"You must be able to recognize that customers often don’t fully understand their own needs simply because they don’t know that alternative products and procedures exist."
By Craig Miller
Customer misdirection is perhaps most apparent in the tradeshow industry. Not too long ago, most large tradeshow booths were built from plywood-skinned, wood-framed “hard wall.” If you were going to go after a customer’s tradeshow graphics business, then your role was to print vinyl that covered the walls. The hard-wall booths were not only expensive to build, but weighed a ton, which meant exorbitant costs for shipping and storage.
Then, about 15 years ago, industry innovators empathized with tradeshow customers and developed a more cost-effective solution – and the first fabric-tensioning systems were born. With aluminum tubing used to form the shape, fabric was tensioned to create solid-looking walls. The booths now cost less to build, to ship, and to store. Walk any tradeshow floor today and tension fabric is everywhere.
For a recent customer that regularly ships booths to Europe, we developed a system to rent truss in Germany, England, and France, and then developed fabric-tension systems for the specific truss configurations using CAD drawings. Now, we ship that customer’s booth graphics by air in two plastic bins for only a few hundred dollars – not hundreds of thousands. The graphics arrive in days, not weeks, and look great. We have reduced their total costs of European booths by up to 80 percent. Why didn’t they just ask for this in the first place? Because they didn’t know the option existed.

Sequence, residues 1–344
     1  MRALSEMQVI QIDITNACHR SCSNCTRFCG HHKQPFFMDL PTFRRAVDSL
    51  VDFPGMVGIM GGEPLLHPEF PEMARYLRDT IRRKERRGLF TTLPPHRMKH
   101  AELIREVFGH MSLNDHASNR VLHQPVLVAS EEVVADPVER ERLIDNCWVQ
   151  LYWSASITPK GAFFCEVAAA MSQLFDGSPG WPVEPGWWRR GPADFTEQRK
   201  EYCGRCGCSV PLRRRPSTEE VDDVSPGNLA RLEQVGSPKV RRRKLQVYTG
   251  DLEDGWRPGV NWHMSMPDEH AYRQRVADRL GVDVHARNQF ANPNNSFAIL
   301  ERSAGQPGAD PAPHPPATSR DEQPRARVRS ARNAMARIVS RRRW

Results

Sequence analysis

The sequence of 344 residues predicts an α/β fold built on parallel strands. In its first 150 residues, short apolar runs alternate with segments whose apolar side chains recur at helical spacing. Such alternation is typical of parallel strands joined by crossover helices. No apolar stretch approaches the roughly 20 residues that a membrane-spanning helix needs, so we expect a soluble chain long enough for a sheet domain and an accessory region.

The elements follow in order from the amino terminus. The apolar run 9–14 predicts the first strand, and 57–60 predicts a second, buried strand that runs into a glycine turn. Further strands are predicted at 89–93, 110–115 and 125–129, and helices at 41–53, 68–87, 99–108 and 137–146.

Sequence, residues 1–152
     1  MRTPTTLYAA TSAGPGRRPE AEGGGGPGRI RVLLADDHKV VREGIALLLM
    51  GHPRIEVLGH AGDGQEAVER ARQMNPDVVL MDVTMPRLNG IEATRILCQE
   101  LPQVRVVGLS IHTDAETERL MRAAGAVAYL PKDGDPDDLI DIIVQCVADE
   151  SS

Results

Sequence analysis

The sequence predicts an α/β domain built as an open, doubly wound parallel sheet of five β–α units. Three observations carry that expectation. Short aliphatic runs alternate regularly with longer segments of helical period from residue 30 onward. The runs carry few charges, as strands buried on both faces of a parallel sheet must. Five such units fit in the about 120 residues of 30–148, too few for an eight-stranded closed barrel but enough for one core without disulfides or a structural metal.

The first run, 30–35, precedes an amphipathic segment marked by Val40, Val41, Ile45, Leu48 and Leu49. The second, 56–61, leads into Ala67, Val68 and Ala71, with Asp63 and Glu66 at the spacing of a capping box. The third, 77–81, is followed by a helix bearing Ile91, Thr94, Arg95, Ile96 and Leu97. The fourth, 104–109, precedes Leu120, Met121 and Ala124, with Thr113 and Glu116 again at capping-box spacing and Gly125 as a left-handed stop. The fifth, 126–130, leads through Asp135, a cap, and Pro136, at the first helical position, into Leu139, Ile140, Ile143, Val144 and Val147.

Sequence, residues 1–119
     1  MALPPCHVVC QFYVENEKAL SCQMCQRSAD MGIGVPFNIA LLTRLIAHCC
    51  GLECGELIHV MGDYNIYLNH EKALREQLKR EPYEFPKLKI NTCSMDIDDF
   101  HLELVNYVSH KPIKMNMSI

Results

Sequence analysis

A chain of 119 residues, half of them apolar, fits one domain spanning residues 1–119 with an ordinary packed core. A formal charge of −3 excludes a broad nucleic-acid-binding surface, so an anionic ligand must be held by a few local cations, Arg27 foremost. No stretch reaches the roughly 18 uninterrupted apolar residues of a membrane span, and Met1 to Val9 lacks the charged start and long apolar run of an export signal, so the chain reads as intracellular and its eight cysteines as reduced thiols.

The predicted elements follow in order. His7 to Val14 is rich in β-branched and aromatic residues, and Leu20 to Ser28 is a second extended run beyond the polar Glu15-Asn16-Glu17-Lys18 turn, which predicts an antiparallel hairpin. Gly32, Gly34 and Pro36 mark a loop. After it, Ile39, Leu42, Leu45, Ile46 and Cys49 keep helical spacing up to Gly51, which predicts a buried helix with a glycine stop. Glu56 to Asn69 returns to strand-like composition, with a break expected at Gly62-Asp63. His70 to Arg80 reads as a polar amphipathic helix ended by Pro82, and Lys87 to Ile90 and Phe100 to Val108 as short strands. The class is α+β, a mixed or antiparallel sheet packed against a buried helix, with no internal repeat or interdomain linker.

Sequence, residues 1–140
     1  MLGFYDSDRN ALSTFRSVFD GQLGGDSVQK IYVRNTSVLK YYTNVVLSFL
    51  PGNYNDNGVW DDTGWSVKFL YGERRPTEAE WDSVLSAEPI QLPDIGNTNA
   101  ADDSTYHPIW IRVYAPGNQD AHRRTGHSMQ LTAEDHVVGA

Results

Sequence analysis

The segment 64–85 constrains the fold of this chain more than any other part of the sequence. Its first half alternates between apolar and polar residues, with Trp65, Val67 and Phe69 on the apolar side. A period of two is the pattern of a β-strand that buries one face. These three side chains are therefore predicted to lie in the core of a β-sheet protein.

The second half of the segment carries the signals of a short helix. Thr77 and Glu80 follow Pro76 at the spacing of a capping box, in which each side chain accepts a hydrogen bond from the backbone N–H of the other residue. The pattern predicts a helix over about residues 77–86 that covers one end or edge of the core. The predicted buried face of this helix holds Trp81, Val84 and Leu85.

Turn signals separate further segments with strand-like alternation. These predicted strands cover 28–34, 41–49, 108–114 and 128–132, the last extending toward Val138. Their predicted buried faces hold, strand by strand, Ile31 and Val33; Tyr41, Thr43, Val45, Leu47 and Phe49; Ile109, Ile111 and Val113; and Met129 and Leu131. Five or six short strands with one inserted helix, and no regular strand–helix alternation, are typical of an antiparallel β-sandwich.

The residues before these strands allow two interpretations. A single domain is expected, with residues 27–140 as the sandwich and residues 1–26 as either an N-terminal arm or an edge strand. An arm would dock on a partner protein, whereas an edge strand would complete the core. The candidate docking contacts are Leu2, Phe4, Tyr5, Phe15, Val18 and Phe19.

Empathy pays off
The best reward from utilizing empathy marketing has been that our favorite and long-term customers have come to depend on and seek out our empathy – separating us from our competition. We’ve become a part of our customers’ planning teams for events and projects. The process has also completely eliminated bidding from the sales process because we’re no longer selling a commodity – we’re selling solutions.
All of our staff members now know the importance of studying the customers’ business models, and they always ask questions and listen regarding the customers’ experiences with digital printing, marketing, and display graphics. We encourage our staff to read the trade magazines, go to the tradeshows to see what is new in the market, and to set up meetings with manufacturers of media and equipment to stay knowledgeable about their latest offerings. Our staff also makes it a habit to suggest new products and service offerings to our company principals when they become aware of a customer’s needs. When all of these elements are in place, our team can effectively apply empathy marketing, improve our customer relationships, distinguish the company from competitors, and grow the business.
Craig Miller is a principal shareholder in Las Vegas-based Pictographics, (pictographics.com) where he is also director of military and law-enforcement projects, the company's defense-contracting division.
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